‘Something is wrong’: A chaotic scene as CNN reports on its own bomb scare

CNN anchors Poppy Harlow and Jim Sciutto. Photos by Alexandria Neason.

The crew had assembled in front of Fluffy’s Pizzeria in Manhattan around 11:30am, on the corner of 57th Street and 9th Avenue. CNN anchors Poppy Harlow and Jim Sciutto, who had evacuated the Time Warner building in Columbus Circle an hour earlier after a pipe bomb was sent to the CNN newsroom, were preparing to go live just blocks away from their own studios. Before the cameras caught up with them, the pair reported live on the air using their phones. “They say the device is inside CNN’s building. It was a package that was mailed,” Sciutto told the camera. In the meantime, they’d attracted a crowd of gawking pedestrians and other journalists, clamoring for footage of the building’s employees.

Just as the anchors went live on CNN, police officers ordered the team to move to the corner of 58th Street, a block north. Workers surrounded Harlow and Sciutto, grabbing cords and heavy containers. The cameraman lifted the tripod, walking backwards, and like a swarm of anchovies perfectly in sync, the group began to migrate.

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The CNN newsroom was just one of multiple targets this week: Explosive devices addressed to Barack Obama, Hillary and Bill Clinton, George Soros, former Attorney General Eric Holder (using Florida representative Debbie Wasserman Schultz as the return address), and California Representative Maxine Waters were intercepted by law enforcement. In the middle of a segment on the explosives sent to the Clintons and the Obamas, Harlow and Sciutto learned of the threat in their own newsroom.

“I’m wearing a headset and earpiece so I take it off and see everyone leaving,” says James Conroy, a stage manager for the show. “Once I saw that, okay, something is wrong. Jim is on the air and I tell [him] we have to go. He’s still talking and I say, ‘We gotta fucking leave now!’”

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A CNN security guard tells CJR that the newsroom evacuated quickly and calmly, some stopping for jackets and backpacks; once outside, they got to work.

The crew shuffled toward the corner of 57th Street, where the journalists again set up shop, Harlow reported on the air about a “heightened awareness” advisory message sent by the NYPD, indicating that officers and the public were to be on high alert. The crew shuffled into the crosswalk in an attempt to get out of the way of foot traffic, but a police officer again said they had to move, this time onto 9th Avenue. Journalists scurried around Harlow and Sciutto yelling updates from the NYPD about the location of the bomb. Police cleared the street; moments later, a convoy of bomb squad trucks and police cars sped past carrying the suspected bomb, headed for a police facility in the Bronx.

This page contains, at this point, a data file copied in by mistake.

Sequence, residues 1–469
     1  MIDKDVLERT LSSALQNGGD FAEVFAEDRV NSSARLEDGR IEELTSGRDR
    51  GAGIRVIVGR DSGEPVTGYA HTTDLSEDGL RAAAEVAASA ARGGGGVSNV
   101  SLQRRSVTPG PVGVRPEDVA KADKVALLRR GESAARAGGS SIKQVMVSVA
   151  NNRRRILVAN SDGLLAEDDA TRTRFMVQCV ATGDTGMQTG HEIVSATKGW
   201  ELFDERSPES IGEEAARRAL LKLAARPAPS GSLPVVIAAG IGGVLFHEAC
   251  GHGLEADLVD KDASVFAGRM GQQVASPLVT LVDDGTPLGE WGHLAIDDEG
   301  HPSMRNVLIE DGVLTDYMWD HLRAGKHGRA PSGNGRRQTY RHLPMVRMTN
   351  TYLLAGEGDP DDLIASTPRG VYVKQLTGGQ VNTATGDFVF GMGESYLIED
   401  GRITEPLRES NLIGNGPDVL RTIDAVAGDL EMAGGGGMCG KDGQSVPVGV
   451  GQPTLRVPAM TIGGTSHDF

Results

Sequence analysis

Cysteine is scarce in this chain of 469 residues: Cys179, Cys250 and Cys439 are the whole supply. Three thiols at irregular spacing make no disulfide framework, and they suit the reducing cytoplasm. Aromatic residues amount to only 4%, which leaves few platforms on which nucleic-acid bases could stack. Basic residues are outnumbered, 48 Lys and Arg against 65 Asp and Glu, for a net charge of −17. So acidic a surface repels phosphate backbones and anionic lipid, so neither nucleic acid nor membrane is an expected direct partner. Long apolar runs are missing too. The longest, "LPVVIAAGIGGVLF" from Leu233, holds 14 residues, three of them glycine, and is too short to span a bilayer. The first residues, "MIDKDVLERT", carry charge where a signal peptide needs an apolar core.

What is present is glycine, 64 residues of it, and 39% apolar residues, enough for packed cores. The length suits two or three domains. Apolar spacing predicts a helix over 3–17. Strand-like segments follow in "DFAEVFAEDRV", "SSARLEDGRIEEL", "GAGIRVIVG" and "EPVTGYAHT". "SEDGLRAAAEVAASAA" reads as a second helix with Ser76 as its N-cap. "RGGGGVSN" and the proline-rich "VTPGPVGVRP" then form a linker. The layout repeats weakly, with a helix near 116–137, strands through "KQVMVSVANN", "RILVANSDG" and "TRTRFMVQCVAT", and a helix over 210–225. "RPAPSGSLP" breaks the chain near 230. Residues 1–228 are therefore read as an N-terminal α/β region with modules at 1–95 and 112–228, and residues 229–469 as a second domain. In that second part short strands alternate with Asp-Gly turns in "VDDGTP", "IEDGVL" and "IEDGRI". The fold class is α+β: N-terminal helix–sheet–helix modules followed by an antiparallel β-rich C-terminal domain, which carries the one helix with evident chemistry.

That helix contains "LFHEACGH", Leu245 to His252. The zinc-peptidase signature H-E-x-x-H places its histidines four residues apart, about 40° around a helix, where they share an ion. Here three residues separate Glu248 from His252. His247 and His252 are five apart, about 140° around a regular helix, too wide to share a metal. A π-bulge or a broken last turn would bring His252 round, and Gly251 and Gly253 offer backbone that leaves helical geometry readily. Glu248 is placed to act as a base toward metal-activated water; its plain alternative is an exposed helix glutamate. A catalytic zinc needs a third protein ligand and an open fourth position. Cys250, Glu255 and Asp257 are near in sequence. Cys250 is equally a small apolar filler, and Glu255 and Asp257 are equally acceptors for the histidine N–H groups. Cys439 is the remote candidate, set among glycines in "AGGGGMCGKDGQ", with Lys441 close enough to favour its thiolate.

The camera crew briefly shifted to an empty corner near some construction fencing and, after another live shot, crossed 9th Avenue, heading west. Sirens blared in the background, and everyone leaned in to hear Sciutto and Harlow speak. When that throughway quickly became clogged, the CNN crew moved a fourth time, finally settling in front of a CVS on the western corner of 58th Street and 9th Avenue, having made a complete circle. CNN staffers ran in and out of the CVS, emerging with bottled water, portable phone chargers, and hand warmers. Several huddled around an outlet in the store like a campfire. In between shots, an aide armed with a purple, travel-sized bottle of hairspray doused Sciutto’s head in it. And on one break, Sciutto put on black gloves inside the CVS and rubbed his hands together.

Harlow, who had evacuated in open-toed high heels, also received a donation of slip-on sneakers from a staffer’s own feet; someone bought the shoeless woman grey ankle socks, which she layered until someone arrived with an extra pair of shoes. She also slipped on gray leggings underneath her red dress and navy blue coat.

Reporters and bystanders gather near the Time Warner building in Manhattan’s Columbus Circle after it was evacuated due to a bomb scare.

For hours the crew milled about, alternating between gathering updates about the bomb sent to their own newsroom and reporting them live to the world. At some point after trays full of Starbucks coffee arrived but before the group spread out in search of lunch, a little girl crossing the street in front of the camera stopped, screaming in glee. “I’m going to be on TV!” she shrieked, jumping up and down, as her grandmother dragged her away.

By 2:15pm, the Time Warner building was still closed. Harlow and Sciutto were ushered into a diner for lunch; a box of pizza materialized for the crew. For New Yorkers, daily life on the street is a carnival, and by this time, most people reacted to the reporters only long enough to snap photos. In typical fashion, few seemed to know what had happened, but all were annoyed by the sidewalk obstruction. A woman talking on a cell phone rounded the corner and got stuck in the jam of bodies. “I just want to go to CVS!”

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Alexandria Neason is CJR's Staff Writer and Senior Delacorte Fellow. Previously, she was a reporter at The Village Voice and covered education for the Teacher Project, a partnership between Columbia Journalism School and Slate. A team she worked on won the 2016 Education Writers Association award for news features. Follow her on Twitter @alexandrianeas.